According to the Hall of Fame public ballot tracker, which is the product of the hard work by man of the people Ryan Thibodaux, shows Posada has appeared on only 4.2% of the public Hall of Fame ballots as of this writing. He’s already been mathematically eliminated from received the 75% necessary for induction this year, not that I expected him to get in anyway. Jorge is very much a borderline candidate. Borderline at best, really.

So far 185 ballots have been made public — those are from voters who posted their ballot on social media, in their newspaper, on a blog, whatever — while six others were sent to Thibodaux anonymously. That makes up roughly 44% of the voting body. Posada needs 14 more votes to clear the 5% threshold and remain on the ballot another year. We’re still waiting on ballots from many New York voters, which could help Posada, though historically players have received less support from private ballots than public ballots. It’s a long shot.

Now, I don’t think it would be some kind of grave injustice if Posada doesn’t make it into the Hall of Fame. Hardly. He’s one of my all-time favorite players, but I recognize him as a borderline candidate. Posada was unquestionably one of the best catchers of his era and one of the best in Yankees history, though you have to squint your eyes a bit to really see his Hall of Fame case. It comes down to his offense, because Jorge wasn’t a great (or even good) defender.

Among catchers with at least 5,000 career plate appearances, Posada is 12th all-time in OPS+ (121) and 14th all-time in wRC+ (123). He’s ninth in OBP (.374) and eighth in SLG (.474). As a catcher only, meaning ignoring time as a DH and all that, Posada is seventh all-time in homers (246) and sixth in extra-base hits (599). He’s also first in walks (818) and ninth in times in base (2,356). Posada hit .279/.380/.487 as a catcher. That’s pretty awesome.

There’s no question Posada, a career .273/.374/.474 (123 wRC+) hitter overall, was far better than the average catcher offensively. Far, far better. The question is whether the 12th or 14th or whatever best hitting catcher of all-time is worthy of being inducted into Cooperstown. For the vast majority of Hall of Fame voters this year, the answer has been no. Being part of four World Series titles teams (technically five, but Posada wasn’t exactly a key component of the 1996 Yankees) hasn’t helped his case much.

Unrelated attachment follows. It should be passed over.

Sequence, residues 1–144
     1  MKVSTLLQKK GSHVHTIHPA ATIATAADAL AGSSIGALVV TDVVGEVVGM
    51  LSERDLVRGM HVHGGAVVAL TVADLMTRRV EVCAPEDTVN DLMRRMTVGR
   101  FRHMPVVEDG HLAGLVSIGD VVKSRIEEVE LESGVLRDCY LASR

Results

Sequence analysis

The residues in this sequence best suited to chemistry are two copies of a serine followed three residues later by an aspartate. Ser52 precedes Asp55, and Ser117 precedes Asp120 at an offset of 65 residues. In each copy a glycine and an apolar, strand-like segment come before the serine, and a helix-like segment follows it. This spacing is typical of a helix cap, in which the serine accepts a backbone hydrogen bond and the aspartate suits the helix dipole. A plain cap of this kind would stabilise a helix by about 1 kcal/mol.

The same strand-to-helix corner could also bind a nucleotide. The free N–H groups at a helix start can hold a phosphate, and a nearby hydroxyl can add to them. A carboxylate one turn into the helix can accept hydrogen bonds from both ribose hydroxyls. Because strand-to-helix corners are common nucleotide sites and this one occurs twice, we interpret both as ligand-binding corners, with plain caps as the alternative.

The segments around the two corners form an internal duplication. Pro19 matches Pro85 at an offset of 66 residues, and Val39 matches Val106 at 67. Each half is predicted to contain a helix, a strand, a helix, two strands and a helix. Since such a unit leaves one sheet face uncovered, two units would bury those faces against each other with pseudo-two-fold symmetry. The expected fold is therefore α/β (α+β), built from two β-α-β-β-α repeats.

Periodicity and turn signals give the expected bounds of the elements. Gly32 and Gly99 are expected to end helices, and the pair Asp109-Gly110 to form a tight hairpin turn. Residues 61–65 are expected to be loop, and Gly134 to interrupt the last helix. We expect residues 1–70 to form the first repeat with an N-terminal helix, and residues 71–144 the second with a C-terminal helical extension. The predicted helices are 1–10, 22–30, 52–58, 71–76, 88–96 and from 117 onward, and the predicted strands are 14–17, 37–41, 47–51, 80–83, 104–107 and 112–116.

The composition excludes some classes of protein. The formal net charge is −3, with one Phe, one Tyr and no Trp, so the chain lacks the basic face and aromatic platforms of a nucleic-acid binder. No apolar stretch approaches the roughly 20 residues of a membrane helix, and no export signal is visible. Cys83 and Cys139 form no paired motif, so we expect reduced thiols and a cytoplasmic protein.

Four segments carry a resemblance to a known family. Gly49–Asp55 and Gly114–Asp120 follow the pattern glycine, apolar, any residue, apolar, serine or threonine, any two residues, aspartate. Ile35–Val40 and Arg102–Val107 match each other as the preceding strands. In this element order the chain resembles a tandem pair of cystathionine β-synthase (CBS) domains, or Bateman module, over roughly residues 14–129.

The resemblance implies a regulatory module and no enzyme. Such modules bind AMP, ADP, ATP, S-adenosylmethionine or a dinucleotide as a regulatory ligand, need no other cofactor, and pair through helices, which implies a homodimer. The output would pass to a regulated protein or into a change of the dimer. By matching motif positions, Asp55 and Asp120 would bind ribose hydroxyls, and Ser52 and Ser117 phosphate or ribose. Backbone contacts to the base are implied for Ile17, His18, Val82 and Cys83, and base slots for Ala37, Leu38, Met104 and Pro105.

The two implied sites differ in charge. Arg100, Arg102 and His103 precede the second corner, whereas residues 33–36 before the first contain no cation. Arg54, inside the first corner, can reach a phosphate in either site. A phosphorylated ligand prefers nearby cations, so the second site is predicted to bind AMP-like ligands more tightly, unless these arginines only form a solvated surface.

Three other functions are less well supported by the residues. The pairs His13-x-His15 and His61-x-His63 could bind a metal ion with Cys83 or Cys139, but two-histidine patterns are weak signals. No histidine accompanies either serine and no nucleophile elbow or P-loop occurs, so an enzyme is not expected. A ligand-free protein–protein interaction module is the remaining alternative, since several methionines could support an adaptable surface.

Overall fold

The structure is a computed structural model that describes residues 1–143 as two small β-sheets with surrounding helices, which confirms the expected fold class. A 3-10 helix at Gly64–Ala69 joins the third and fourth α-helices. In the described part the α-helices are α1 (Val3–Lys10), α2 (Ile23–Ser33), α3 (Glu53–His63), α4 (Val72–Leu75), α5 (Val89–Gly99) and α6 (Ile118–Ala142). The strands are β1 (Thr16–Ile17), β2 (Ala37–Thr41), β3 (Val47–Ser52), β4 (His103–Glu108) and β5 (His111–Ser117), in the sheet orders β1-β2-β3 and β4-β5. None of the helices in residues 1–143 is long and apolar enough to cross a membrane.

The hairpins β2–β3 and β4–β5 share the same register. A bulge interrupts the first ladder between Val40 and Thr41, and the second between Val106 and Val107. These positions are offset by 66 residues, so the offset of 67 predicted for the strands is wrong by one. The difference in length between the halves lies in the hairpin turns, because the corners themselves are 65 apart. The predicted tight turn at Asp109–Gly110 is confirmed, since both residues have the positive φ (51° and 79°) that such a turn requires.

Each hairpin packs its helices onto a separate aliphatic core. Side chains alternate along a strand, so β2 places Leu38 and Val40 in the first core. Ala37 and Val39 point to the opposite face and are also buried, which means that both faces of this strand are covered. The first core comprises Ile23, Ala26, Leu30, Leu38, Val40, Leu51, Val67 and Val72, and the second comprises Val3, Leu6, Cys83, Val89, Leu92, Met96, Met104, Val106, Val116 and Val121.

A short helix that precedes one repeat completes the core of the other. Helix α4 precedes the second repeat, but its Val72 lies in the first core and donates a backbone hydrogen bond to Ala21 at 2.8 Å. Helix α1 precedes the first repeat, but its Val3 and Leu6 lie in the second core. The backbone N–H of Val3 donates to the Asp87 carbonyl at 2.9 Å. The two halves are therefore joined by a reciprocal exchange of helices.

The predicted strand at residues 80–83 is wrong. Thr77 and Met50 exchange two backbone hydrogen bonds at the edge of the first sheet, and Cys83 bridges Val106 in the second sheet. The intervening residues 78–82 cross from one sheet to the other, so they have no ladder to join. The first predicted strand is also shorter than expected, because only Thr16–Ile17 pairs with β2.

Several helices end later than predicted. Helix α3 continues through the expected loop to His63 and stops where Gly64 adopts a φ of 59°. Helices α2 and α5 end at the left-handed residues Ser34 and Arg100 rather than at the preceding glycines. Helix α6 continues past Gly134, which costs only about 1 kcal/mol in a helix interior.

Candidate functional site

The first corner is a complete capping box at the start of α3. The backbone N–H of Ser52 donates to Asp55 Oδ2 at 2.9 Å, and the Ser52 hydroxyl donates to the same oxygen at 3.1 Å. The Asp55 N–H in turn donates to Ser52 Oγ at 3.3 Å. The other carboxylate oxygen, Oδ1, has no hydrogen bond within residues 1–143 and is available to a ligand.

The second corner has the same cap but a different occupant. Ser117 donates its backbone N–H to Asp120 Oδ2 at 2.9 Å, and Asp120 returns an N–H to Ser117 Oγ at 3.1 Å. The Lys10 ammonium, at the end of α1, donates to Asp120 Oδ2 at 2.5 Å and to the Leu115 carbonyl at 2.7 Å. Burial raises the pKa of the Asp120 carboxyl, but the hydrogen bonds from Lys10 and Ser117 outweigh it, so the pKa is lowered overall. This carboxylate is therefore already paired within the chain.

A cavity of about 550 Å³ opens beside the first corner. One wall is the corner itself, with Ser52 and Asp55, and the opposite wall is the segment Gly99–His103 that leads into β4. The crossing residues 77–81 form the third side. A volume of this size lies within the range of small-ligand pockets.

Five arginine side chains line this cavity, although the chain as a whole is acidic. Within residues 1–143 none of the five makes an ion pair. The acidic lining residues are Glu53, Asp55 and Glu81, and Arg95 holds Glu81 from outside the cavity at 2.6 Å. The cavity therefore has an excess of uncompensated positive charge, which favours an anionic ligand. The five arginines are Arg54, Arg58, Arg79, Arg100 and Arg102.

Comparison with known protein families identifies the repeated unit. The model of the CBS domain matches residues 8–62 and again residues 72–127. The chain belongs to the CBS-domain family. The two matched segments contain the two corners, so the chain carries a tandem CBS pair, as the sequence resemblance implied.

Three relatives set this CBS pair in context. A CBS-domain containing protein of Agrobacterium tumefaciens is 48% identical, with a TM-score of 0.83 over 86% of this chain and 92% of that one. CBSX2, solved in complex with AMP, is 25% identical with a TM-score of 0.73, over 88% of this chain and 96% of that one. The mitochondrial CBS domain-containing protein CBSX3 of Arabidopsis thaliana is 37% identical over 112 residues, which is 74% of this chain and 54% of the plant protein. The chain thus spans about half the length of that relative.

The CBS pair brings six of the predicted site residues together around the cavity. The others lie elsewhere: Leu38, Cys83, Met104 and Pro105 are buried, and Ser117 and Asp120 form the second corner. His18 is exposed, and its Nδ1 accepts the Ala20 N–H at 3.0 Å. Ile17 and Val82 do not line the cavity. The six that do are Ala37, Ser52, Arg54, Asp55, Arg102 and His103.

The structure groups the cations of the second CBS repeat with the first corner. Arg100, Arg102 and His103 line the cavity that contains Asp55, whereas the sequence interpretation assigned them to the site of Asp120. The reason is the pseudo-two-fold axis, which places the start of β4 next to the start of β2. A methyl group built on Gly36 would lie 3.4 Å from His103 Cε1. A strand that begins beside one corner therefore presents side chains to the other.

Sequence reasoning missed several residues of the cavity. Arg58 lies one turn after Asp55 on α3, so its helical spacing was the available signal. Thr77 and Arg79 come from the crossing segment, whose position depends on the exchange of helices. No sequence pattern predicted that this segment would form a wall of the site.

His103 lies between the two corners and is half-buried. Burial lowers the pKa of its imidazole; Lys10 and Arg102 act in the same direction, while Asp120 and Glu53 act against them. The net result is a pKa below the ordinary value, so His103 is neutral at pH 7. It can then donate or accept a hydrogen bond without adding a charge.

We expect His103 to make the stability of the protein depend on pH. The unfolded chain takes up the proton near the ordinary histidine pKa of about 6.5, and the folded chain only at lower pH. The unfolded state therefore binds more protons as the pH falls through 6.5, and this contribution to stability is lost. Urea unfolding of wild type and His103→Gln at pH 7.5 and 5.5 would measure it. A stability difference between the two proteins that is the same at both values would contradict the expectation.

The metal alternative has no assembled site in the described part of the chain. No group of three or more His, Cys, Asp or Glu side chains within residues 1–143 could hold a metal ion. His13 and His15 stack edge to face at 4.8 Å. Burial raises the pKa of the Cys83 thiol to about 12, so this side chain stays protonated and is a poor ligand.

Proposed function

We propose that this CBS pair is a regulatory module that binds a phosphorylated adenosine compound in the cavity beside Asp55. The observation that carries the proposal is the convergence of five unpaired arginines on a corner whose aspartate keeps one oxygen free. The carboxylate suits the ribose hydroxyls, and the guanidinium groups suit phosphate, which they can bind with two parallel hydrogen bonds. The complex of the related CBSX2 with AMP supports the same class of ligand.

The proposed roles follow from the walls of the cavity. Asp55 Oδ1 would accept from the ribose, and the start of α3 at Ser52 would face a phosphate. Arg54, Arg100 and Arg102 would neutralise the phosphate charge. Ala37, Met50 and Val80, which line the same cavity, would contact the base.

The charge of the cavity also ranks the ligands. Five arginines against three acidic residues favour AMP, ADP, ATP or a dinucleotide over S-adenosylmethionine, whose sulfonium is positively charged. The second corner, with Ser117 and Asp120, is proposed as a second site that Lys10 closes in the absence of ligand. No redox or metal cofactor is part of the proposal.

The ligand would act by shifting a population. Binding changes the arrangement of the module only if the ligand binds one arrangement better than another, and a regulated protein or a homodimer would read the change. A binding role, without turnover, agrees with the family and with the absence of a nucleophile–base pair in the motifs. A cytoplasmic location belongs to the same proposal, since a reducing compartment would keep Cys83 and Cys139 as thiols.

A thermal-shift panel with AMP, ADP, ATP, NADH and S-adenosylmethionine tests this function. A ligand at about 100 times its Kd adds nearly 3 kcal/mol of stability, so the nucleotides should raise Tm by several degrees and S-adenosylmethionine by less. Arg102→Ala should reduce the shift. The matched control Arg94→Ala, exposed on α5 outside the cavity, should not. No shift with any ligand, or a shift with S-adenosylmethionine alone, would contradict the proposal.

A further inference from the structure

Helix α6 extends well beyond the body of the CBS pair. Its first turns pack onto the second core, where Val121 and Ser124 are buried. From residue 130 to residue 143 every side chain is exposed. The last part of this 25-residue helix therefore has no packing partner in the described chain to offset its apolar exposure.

The fact the ballot is stuffed isn’t helping matters either. Of the 191 ballots on Thibodaux’s tracker, a whopping 110 voted for the maximum ten players. It’s really easy to come up with about 12 players worthy of Hall of Fame votes this year, but there’s only room on the ballot for ten, so inevitably a few deserving players get left out in the cold. Posada’s an easy one to cast aside. Heck, if I had a ballot, I’m pretty sure Jorge wouldn’t be among my “top” ten players, though I haven’t put a ton of thought into it.

Posada’s best shot at getting into the Hall of Fame was always going involve a long stint on the ballot with a gradual increase in support each year. Perhaps a Rich Lederer/Bert Blyleven, Jonah Keri/Tim Raines style campaign would have been necessary. The longer he stayed on the ballot, the more voters would consider him and realize how great he truly was. That was the plan. (As an added bonus, the longer the stayed on the ballot, the more unclogged it would get it.)

In all likelihood Posada is going to fall off the Hall of Fame ballot this year, his first year of eligibility. That stinks. At least Bernie stuck around for a second year. Posada is one of the greatest Yankees ever and no one will ever wear No. 20 in pinstripes again. Most players couldn’t dream of having his career. Jorge seems destined to be overlooked as one of the greatest catchers in baseball history, which is kinda fitting I guess, because I always felt he was a bit underappreciated during his playing career.

This time, it’s personal

(Mike Stobe/Getty)
(Mike Stobe/Getty)